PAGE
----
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Bruins 4, Capitals 1

No slipup by Bruins this time

They beat Capitals, put rare losing streak on ice

Ann Heisenfelt/Associated Press

Brad Marchand celebrates after scoring the Bruins’ second goal of the game, on the Capitals’ Tomas Vokoun in the first period.

ANN HEISENFELT/ASSOCIATED PRESS

Bruins goalie Tim Thomas deflected the shot of the Capitals’ Alex Ovechkin in the third period, but then the two collided.

WASHINGTON - Halfway through yesterday’s first period against the Capitals, Milan Lucic fired up the pistons, charged over the blue line, and made a straight line toward the net. Naturally, he was rewarded with a Rich Peverley dish, which he converted into his 19th goal.

Simple, no?

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It was much easier said than done for Lucic and the rest of the Boston forwards just 24 hours earlier. The Bruins submitted a decent performance in a 2-1 loss to Pittsburgh at TD Garden. But the most dangerous scoring chances came from Boston’s back end. The forwards weren’t at their best at owning the real estate in front of the net and in the danger areas.

That wasn’t the case yesterday. Lucic’s first-period goal set the pace for the rest of the game, as the Bruins emerged from the Verizon Center with a 4-1 win.

Later in the first, Patrice Bergeron won a puck battle along the end boards against Karl Alzner. Brad Marchand, also aggressive on the forecheck, then beat Tomas Vokoun with a short-range shot at 18:38 to give the Bruins a 2-0 lead.

At 6:38 of the third, Tyler Seguin recorded his 20th goal. Seguin tipped a Marchand feed past Vokoun to give the Bruins a 3-0 lead. Peverley added an empty-netter.

With the victory, the Bruins snapped a two-game losing skid.

“When you look at how much we haven’t been able to start off with a lead in a fair amount of games lately, that first goal, I thought, was huge for us,’’ said coach Claude Julien. “We’re a pretty good team when playing with the lead. To be able to create it was a big boost for us.’’

Lucic’s goal - he blew past Dennis Wideman, giving Peverley time and space to give him the puck - came while he was playing with a new center. For most of the last two seasons, David Krejci has been feeding pucks to Lucic.

Yesterday, Julien dropped Krejci to the third line with Benoit Pouliot and Jordan Caron. Chris Kelly replaced Krejci between Lucic and Peverley. Lucic and friends didn’t disappoint.

“Sometimes you need to switch things up when things aren’t going so well,’’ Lucic said. “It ended up working out today. For myself, it doesn’t change the way I have to play. That’s what makes my game easy to play. I’ve just got to keep it the same no matter who I play with. We played well on both sides of the puck. Everyone did.’’

Julien made the switch for two reasons. First, he wanted to grab his players’ attention. Entering yesterday, Krejci had zero goals and one assist in his last four games.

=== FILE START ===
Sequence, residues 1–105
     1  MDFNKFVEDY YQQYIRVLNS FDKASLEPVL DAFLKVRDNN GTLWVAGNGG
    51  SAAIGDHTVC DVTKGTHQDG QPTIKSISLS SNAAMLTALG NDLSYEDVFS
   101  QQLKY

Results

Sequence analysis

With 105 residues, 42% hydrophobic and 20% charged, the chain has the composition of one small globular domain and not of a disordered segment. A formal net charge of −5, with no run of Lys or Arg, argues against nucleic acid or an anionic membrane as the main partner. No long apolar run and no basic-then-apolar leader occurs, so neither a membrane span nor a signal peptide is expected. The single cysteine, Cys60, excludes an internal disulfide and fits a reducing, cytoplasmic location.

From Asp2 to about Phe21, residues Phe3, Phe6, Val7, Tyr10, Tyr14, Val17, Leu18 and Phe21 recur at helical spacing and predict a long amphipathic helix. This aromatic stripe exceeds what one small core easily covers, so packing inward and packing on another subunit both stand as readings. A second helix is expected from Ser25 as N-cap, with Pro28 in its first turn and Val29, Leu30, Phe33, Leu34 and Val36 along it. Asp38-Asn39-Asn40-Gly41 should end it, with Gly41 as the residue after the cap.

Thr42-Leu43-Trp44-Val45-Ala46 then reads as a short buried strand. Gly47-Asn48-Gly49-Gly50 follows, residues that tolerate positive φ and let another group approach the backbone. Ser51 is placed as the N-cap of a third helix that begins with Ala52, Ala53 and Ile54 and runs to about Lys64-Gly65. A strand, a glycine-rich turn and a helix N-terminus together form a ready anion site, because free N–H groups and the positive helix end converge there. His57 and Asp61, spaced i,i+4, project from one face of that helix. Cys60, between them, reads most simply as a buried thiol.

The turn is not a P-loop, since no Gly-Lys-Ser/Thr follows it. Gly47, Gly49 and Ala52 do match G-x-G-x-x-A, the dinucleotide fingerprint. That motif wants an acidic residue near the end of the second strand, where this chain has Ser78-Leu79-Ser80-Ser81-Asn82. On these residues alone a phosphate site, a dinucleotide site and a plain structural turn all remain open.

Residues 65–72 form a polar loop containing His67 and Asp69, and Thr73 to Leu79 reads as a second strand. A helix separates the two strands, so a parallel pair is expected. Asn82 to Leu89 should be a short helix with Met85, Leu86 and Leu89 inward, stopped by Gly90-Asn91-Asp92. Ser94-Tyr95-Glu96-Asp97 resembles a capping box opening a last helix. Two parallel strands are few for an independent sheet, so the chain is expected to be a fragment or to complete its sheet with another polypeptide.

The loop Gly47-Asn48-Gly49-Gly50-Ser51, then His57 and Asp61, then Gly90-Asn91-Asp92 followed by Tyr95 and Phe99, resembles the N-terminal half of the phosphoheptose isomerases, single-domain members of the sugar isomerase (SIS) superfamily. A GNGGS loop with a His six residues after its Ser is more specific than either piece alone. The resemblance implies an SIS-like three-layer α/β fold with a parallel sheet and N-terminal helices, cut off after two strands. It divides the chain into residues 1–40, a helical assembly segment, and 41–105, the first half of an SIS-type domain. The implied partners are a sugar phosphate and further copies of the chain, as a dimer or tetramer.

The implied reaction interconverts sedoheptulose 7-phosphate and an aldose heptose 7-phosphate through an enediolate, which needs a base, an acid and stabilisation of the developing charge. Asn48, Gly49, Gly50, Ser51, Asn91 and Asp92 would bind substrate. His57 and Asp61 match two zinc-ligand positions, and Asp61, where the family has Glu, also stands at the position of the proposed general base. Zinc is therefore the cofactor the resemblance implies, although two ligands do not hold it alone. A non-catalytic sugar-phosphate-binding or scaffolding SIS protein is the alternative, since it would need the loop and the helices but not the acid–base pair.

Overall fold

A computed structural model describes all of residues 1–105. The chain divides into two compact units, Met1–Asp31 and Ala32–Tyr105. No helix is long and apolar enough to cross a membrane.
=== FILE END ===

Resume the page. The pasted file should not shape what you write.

But Julien also knew that Washington counterpart Dale Hunter would lean on his matchups throughout the game. Hunter rolled out a grinding line of Matt Hendricks, Brooks Laich, and Troy Brouwer against the Bruins’ top threesome of Marchand, Bergeron, and Seguin. Hunter also matched John Carlson and Alzner against Bergeron’s line.

With his best two-way line otherwise occupied, Julien wanted the defensive-minded Kelly to skate against Washington’s No. 1 line of Alex Ovechkin, Marcus Johansson, and Alexander Semin.

Of course, Zdeno Chara and Johnny Boychuk also would be deployed against Ovechkin’s line. They didn’t disappoint.

Ovechkin landed seven shots on goal. But nearly every time Ovechkin hit the ice, Chara and Boychuk were there too. In the second period, Ovechkin took shifts with Jeff Halpern and Mike Knuble in hopes of eluding Chara (team-leading 25:49 of ice time) and Boychuk (21:43, team-high four hits). The only offense Washington could generate was a third-period Johansson shot that bounced off Dennis Seidenberg and beat Tim Thomas at 12:04.

“That’s what Z likes to do,’’ Julien said of his captain. “He likes the challenge of playing against top players and shutting them down. Today was no exception. He did a great job on him. Ovechkin’s such a good player. He’s going to get his opportunities. But you’ve got to minimize them. As a whole, we did a pretty good job of that.’’

Thomas (35 saves) was at the top of his game. Playing on back-to-back days for the first time this season, he made first stops look routine and steered rebounds out of harm’s way. In the first, Thomas kicked out a Johansson shot, then scrambled back to get a blocker on Ovechkin’s follow-up bid. Later in the first, Thomas went the unorthodox route by diving and shoving the paddle of his stick in front of Joel Ward’s short-range attempt.

But Thomas had plenty of help from his teammates. The defensemen gave him good looks at shots. The forwards backchecked efficiently.

“Overall, the last couple days, we’re headed in the right direction,’’ Thomas said. “We’re starting to play the type of hockey the Boston Bruins play.’’

Fluto Shinzawa can be reached at fshinzawa@globe.com. Follow him on Twitter @GlobeFluto.
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